I’d like to share a piece written by Wendy Avery. Wendy is a SAFe Enterprise Agile Coach, Engagement Manager, and instructor with 20 years of IT Project Management experience in the Healthcare insurance industry. In spite of her being a Patriots fan, I liked her post so much that I asked if I could share it with my readers!
As I sit here today, three days from Super Bowl LIII, I’m thinking of two things. First, will the Patriots win the Super Bowl this year? And second, why do companies not understand the value of an agile coach?
It made me think about the Patriot’s coach, Bill Belichick, and his job as coach to, arguably, one of the best all-time football teams. In comparison, an Agile coach for an organization that is shifting its culture. What are the parallels? What are the differences? Why do we call both of them a “coach”?
Bill Belichick doesn’t actually play football. He’s not on the field, catching passes or blocking the opponent. But, he’s considered the foremost guide on how the team actually should play on the field. Why? Is it because he used to play football? Well, he actually did play football, during high school and college, but not professionally. He just “gets it”, and is able to articulate that into guiding principles that the team can use to win games.
He doesn’t tell the team what to do, he works with them on plays and strategies, and acknowledges that once they’re on the field, they’re going to have to think for themselves when things go sideways. He helps them remember the goals, strategies and principles of football so that they can use them as needed in those situations.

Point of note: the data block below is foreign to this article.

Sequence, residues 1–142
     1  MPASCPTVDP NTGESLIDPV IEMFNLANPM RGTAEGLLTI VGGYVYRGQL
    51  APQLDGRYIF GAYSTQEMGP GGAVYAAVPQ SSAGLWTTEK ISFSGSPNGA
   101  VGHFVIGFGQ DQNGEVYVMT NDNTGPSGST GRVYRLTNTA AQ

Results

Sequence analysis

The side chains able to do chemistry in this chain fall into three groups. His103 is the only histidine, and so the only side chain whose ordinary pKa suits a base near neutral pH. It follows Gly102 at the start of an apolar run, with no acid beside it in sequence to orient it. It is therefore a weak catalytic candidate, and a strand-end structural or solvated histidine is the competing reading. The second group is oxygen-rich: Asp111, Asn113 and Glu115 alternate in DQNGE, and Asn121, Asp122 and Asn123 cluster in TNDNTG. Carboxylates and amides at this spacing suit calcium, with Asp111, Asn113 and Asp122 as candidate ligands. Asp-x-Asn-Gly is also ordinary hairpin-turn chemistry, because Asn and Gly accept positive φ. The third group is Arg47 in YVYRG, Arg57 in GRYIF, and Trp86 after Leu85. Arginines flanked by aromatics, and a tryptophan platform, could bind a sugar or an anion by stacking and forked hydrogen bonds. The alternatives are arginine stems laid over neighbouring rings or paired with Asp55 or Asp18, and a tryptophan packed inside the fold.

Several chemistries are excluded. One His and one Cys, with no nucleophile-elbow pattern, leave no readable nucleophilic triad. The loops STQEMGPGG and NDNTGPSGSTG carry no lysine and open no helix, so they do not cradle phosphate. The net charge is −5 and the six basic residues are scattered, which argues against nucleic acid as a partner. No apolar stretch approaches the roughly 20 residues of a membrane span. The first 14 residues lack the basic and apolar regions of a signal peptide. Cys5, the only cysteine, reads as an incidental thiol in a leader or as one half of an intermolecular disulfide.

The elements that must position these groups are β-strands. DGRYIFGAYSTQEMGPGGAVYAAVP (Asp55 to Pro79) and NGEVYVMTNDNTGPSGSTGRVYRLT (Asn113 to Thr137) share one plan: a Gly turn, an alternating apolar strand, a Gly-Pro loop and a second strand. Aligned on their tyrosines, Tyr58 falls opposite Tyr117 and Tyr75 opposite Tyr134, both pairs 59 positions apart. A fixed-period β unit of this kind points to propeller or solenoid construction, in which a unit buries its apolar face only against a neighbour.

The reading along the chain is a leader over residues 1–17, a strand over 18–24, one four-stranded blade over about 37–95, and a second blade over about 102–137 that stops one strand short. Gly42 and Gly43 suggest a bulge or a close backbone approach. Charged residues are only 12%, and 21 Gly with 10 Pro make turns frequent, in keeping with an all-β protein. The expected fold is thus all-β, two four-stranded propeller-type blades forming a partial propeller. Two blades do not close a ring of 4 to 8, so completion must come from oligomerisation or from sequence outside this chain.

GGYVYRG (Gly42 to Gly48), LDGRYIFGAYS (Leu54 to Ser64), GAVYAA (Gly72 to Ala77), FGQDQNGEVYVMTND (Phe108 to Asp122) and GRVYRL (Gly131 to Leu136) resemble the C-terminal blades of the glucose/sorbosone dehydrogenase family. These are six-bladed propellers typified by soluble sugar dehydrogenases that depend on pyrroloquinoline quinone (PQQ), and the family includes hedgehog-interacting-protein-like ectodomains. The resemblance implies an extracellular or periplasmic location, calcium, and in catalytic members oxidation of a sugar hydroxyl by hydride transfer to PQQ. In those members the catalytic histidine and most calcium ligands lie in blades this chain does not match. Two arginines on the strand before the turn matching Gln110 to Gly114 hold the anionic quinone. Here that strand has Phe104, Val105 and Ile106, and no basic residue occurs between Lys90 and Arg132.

How difficult would it be to coach that team if he was also a player? Why can’t the quarterback, who is the leader/coach during the play do both? I bet none of the NFL would ever consider that.
Let’s consider the agile coach in the same light. She’s not on the team. She doesn’t necessarily know how to code but she’s probably pretty familiar with the strategies that agile teams need to adopt to make their job work better. She “gets it” and is able to articulate that into guiding principles that the team can use to be successful.
She doesn’t tell the team what to do, she works with them on strategies and acknowledges that once they’re working, they’re going to have to think for themselves when things go sideways. She helps them remember the goals, strategies and principles so that they can use them as needed in those situations.
How difficult would it be to coach that team if she was also a coder and busy working instead of seeing the whole of the team and how they work together? Why can’t the scrum master, who is the leader/coach during the day to day operations of the team do both?
Hmm. I just realized that I repeated those two paragraphs, just about word for word, except for the type of coach.
I bet if we were to ask the NFL to quantify the value of their coaches in ROI and dollars, they’d be hard pressed to actually say how much BETTER the team is in comparison to if they had no coach at all. They’d just say it’s impossible to NOT have a coach, let alone employ one just for the beginning of the season. Early in the season, the Patriots were only winning 50% of the time. If you were to measure Belichick’s value 4 games into the season, Robert Kraft would certainly be justified in firing him. Who wants a coach with a 50% win-loss ratio? They would have fired possibly the coach of the next Super Bowl LIII Champions! (Or at least the second best depending on this weekend’s outcome).
All I know is that if Belichick were pulled from the Patriots right now, three days before the Super Bowl, the Patriots would lose. So why would you stop paying for agile coaches while your teams are working toward achieving the goals of your organization? Do you still expect to win? I wouldn’t bet on that game.